2: Selecting the most appropriate PROM is of course the most critical aspect of the study design and in the absence of some universally agreed definition as to what the measured health concept is and its relationship to the objectives of the study, choosing the appropriate PROM can be problematic.Selecting the Developing a measurement strategyappropriate An effective way to establish the link between the measured outcome such as the patient’s well-being following an intervention programme is toPROM? develop a measurement strategy, which requires a clear understanding of the disease and the outcomes relevant to the disease area and patient. That will help you select the appropriate PROM. Identify key treatment effects and key outcomes Select outcomes relevant to the treatment or intervention NOTE It is not uncommon that the choice of an outcome measure such is based on the Develop endpoint model instrument been used in previous studies. Select Patient Reported Outcome Measure (PROM)
3: A PROM is only of value if it has been designed to strict criteria and based on a sound theoretical underpinning or conceptual model of what it is purported to measure . “Reliability tells how consistent our results are, whilst validityWhat you tell us whether we are measuring what we think we are”.need to know “Validity is telling us how well we are measuring what we think we are measuring”.aboutreliability &validity
4: Data derived from a PROM can guide clinicians in making decisions about different clinical inputs and for monitoring the outcomes of specific interventions. PROMs can also provide a baseline assessment of the health status, QoL,When to patient satisfaction or well-being etc. of a specific population to identify need and the delivery of effective care.apply a Aid communication between patient and doctor. For example, the doctorPROM can discuss with the patient why a question was answered in a particular way or why the patient’s score has improved or declined since the previous visit. PROMs can also be routinely administered in clinical settings for audit and quality assurance such as in the assessment of the effectiveness of different procedures.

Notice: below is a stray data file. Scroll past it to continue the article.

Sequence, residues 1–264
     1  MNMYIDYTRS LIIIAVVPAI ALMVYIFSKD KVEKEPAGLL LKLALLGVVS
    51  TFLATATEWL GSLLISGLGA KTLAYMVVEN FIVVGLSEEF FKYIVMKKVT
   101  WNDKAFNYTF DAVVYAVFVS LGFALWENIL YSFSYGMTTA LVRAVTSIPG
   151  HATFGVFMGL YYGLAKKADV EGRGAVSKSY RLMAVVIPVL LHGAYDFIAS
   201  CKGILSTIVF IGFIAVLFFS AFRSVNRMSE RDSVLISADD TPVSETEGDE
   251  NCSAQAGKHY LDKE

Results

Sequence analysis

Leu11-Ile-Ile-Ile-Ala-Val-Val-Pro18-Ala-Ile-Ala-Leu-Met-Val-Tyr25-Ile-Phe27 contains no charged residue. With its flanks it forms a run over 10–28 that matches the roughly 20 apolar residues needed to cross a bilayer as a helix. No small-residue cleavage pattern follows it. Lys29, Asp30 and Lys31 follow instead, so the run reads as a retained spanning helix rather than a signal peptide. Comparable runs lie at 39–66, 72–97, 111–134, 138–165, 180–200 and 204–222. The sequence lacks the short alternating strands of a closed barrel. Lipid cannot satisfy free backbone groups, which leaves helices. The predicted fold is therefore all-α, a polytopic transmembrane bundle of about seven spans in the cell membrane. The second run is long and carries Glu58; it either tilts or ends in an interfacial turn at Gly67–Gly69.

5: Interpretation of data derived from a PROM can be challenging, particularly with regard to understanding the meaning of what a change or difference in a score means clinically. Interpretation of PROM data is linked with both the objectives of the study and the constructs measured by the PROM and as a consequence should be a key factor inWays to the development of any PROM: • Minimal Important Difference (MID) - the smallest difference in a score that isinterpret • considered to be worthwhile or important. Known groups – the mean scores underlying particular clinical groups orPROM data clinical indicators which give rise to them and which can be used as a clinically based benchmark to compare other groups. • Normative and reference groups – mean scores from defined large populations to provide normative data – typical scores – called norms. Mean scores from a particular study can be compared with the population norms. • Statistical significance – The statistical significance of the probability of treatment (A) is better than treatment (B). • Effect size – A way of quantifying the difference between two groups of patients that has many advantages over the use of statistical significance alone and emphasises the size of the difference rather than confounding this with sample size. • Cumulative distribution functions (CDF) - The CDF shows a continuous plot of the proportion of patients at each point along the continuum of the scale score continuum experiencing change at that level or lower levels.